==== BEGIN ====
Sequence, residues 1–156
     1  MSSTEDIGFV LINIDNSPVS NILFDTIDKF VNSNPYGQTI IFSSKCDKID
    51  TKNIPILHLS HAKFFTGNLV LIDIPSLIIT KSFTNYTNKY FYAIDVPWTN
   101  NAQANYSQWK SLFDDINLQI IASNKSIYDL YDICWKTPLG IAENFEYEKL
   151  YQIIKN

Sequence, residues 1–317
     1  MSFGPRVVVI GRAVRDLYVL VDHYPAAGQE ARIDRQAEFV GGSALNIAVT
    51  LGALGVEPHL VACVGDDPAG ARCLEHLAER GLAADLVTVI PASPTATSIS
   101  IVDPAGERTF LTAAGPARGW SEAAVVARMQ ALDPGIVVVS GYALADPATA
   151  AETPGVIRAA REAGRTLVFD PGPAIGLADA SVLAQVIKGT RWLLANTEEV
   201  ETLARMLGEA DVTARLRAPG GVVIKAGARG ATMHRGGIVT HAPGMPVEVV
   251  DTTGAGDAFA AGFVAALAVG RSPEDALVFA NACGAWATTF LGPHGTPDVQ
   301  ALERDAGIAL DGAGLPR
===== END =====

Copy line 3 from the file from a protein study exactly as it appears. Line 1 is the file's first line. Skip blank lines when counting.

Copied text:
    51  TKNIPILHLS HAKFFTGNLV LIDIPSLIIT KSFTNYTNKY FYAIDVPWTN